Wow, great topic for car lovers! My two cents on a number of points raised (I'm a former detail shop owner and detailer)...
First, Griots has some fantastic applicators if you dont want to use the toothpick... part #50406. Work well when you use very little amounts of paint. They also have a nice tool for scraping the wax and crud out of the scratch before applying the paint (mine came with the applicators as a kit).
Second, I like to use a little bit of primer in the scratch. Many, many, many spot repairs come loose due to poor prep (cleaning) and lack of adhesion without primer. Any small quantity of automotive primer will do.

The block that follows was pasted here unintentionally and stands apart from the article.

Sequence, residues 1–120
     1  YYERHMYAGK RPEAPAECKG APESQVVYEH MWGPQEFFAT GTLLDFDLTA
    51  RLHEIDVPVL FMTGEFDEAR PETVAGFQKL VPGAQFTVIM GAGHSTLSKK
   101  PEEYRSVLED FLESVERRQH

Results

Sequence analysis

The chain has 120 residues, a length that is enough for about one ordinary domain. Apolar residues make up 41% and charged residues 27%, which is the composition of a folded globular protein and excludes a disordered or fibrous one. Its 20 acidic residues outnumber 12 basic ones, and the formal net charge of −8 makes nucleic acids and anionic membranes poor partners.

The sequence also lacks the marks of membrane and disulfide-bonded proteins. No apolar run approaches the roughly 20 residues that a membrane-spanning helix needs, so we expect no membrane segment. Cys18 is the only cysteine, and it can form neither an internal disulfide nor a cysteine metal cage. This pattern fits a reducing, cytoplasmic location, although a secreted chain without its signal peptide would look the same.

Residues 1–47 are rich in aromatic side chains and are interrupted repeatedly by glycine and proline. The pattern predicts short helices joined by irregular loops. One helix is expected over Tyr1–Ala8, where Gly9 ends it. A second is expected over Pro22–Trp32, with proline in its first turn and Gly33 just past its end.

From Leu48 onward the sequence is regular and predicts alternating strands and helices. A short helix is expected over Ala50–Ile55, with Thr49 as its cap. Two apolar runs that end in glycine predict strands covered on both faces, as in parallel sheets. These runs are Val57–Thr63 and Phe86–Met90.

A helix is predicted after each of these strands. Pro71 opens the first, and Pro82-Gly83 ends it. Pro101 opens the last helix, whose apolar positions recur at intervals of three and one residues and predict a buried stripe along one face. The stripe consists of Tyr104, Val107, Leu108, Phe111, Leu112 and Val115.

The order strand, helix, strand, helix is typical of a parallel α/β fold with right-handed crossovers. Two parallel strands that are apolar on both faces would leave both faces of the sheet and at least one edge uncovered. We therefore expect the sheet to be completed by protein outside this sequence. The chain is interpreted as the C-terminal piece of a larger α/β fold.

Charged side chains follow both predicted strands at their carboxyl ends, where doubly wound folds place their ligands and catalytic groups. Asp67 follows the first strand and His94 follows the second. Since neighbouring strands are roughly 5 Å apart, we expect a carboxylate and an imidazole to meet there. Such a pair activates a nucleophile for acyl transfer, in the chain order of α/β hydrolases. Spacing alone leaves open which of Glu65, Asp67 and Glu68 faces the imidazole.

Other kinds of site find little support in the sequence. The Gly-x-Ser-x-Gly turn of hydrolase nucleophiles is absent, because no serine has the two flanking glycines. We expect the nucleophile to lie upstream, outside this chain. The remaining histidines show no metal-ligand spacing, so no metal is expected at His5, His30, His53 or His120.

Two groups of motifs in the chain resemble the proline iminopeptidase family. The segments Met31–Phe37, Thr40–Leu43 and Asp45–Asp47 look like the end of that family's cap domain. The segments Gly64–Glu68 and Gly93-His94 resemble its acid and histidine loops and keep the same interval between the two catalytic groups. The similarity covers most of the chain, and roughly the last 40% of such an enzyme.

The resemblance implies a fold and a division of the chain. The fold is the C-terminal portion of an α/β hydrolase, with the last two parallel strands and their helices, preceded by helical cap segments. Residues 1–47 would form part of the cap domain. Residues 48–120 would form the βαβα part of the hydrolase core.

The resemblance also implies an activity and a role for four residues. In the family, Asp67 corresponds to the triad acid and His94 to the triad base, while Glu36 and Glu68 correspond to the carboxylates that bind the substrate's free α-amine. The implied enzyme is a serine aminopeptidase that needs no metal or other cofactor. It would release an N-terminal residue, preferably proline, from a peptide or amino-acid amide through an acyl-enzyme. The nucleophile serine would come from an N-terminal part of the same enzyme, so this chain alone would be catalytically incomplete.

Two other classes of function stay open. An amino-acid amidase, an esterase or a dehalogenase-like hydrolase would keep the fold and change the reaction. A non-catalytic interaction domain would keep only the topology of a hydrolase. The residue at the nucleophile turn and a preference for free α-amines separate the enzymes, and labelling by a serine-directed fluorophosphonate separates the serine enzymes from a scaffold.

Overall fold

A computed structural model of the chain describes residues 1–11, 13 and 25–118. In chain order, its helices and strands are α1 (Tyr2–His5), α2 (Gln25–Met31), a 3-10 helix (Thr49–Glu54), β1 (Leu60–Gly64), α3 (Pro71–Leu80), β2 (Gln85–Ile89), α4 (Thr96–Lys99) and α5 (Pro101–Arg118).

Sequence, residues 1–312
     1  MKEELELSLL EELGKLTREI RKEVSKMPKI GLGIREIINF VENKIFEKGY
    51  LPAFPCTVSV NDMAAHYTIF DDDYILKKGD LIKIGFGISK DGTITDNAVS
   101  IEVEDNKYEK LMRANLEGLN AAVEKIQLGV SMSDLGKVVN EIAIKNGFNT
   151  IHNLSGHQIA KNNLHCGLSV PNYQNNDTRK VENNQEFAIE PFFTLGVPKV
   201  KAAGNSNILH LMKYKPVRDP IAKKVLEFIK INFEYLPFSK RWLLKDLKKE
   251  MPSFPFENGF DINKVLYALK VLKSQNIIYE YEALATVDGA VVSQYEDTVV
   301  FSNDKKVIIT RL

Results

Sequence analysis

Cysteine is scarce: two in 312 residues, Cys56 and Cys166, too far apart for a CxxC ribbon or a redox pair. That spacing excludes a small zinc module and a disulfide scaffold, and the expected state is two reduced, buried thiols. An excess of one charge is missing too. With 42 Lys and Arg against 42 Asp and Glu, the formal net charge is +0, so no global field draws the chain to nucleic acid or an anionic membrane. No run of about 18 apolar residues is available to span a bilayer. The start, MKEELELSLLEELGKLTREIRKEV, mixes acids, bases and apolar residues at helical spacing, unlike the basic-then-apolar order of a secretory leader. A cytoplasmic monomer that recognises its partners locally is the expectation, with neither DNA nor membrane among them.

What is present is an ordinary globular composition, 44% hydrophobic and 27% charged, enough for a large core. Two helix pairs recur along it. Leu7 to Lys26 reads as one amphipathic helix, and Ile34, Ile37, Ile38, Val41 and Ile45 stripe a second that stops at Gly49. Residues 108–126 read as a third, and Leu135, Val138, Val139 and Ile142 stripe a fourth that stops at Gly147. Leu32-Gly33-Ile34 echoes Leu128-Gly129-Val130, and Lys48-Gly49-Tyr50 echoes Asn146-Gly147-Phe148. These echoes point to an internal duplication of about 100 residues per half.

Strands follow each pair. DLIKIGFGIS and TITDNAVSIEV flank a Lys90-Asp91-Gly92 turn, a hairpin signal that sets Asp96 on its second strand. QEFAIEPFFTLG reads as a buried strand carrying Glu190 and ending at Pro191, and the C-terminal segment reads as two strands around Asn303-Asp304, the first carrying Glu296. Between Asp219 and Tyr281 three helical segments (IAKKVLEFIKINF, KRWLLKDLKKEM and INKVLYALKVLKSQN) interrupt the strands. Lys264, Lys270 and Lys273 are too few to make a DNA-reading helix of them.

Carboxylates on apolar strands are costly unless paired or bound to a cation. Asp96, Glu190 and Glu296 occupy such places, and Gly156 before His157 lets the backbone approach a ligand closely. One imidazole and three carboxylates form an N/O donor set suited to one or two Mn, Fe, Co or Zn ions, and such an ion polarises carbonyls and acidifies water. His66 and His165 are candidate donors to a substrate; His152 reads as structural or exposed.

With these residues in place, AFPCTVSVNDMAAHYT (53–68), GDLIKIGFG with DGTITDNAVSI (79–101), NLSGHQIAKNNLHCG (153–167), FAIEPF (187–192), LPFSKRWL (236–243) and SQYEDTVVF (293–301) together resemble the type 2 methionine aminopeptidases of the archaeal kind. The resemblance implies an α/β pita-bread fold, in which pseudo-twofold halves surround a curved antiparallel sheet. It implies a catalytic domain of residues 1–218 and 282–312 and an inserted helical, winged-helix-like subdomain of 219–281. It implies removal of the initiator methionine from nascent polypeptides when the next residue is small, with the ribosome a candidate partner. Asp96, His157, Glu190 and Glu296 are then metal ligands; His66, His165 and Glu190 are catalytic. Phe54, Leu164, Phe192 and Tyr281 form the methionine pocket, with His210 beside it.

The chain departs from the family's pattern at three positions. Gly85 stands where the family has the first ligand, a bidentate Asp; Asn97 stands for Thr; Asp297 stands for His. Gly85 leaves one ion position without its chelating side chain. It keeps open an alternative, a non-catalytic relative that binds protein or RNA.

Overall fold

Third, practice on an inconspicuous spot first! Maybe your "significant other" has a car with a scratch or two that can be attacked without dire consequences... or else your winter whip.
Fourth, as mentioned earlier, Always start with the least aggressive approach for your compounds, pads, wetsand paper, etc. You can always get more aggressive when needed. More aggressive usually results in being too hard on the car's finish and that can cost you time, money, or both.
Fifth, when working on plastic with a machine - machines create heat and heat is not plastic's best friend. Keep it moving, don't stay in one spot, use your free hand to feel the surface in case it is getting warm. Paint will come off a hot plastic surface faster than you'll ever believe (especially with a pad moving at 1500-2000rpm)!
I hope that's useful to someone out there!